Indigenous peoples believe
that we don’t own the seeds, but we borrow them from our children ... so it’s
our responsibility to make sure they’re in really good hands and in good shape
for the generations that follow us.
Do we want seeds that have been drenched in chemicals? Giant corporations now control most of the seed so they can sell more of their chemicals and have even managed to copyright some (genetically modified) seeds so they actually own them.
We need to dispel the myth that somehow shop bought seeds are better. Let’s preserve seeds and retain them in the commons by using them, saving them, and passing some on.
Read more articles :
There are detailed descriptions of
various techniques for seedsaving for individual vegetables here and you can
go on a seed saving course here.
However the basic technique is the same :
Some vegetables such as carrot and leek do not produce a flower in the first year, they are called biennials. To seed save from these you need to lift the mature plant/root at the end of the growing season and store overwinter, replanting in the spring so the plant can form a flower head and produce seed.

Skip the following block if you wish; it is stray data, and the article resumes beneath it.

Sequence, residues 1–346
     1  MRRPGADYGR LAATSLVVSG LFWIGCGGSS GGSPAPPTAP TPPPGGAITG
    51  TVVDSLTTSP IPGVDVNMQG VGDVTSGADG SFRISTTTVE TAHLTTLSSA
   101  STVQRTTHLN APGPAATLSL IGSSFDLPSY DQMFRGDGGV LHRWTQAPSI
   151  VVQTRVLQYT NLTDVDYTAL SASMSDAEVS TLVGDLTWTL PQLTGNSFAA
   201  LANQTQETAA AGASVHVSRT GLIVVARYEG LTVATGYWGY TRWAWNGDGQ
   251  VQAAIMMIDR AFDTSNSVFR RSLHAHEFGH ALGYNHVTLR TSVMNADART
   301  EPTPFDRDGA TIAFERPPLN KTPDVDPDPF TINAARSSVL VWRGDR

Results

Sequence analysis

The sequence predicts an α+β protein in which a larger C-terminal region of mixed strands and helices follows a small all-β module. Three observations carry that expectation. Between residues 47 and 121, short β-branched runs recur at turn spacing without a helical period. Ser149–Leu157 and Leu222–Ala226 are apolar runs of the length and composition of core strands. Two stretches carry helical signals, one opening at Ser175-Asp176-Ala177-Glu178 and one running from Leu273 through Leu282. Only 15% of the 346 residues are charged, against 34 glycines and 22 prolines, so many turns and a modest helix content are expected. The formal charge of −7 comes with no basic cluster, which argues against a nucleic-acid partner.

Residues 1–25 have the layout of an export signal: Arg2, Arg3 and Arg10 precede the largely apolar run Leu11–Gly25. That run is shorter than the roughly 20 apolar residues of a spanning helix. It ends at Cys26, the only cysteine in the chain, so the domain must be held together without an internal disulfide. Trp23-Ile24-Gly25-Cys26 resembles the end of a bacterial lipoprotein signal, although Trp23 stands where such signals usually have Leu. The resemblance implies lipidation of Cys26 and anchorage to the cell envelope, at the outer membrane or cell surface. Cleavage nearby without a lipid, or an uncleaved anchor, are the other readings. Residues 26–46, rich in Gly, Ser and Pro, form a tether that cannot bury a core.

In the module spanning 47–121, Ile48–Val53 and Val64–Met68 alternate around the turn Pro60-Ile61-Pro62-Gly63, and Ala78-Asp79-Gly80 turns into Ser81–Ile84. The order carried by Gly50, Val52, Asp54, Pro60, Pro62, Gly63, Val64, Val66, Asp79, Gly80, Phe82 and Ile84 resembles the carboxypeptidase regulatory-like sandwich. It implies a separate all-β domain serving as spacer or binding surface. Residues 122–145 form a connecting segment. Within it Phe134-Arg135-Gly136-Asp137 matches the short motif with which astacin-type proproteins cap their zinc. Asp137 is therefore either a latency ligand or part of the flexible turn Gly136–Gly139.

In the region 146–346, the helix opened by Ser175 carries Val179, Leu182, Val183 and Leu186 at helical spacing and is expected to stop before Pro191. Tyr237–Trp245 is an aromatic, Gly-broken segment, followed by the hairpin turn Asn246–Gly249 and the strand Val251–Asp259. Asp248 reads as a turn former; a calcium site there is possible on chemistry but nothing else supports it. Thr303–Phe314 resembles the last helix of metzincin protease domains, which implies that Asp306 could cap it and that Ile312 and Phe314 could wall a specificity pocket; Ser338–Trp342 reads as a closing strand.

Garden Organic has done a survey on seed saving highlighting a demand for more events providing
people with the opportunity to swap seeds and learn more about seed saving.
Norfolk Organic Group offers a seed swap among members at most of our events as well as a knowledge bank of people who are also happy to share their experience growing and saving seed.
The Heritage Seed Library publishes a seed list for members to request seeds that are grown by Seed Guardians and returned to the library. You can choose from 175 rare and unique heritage varieties including 79 certified organic.
Places to buy organic seeds :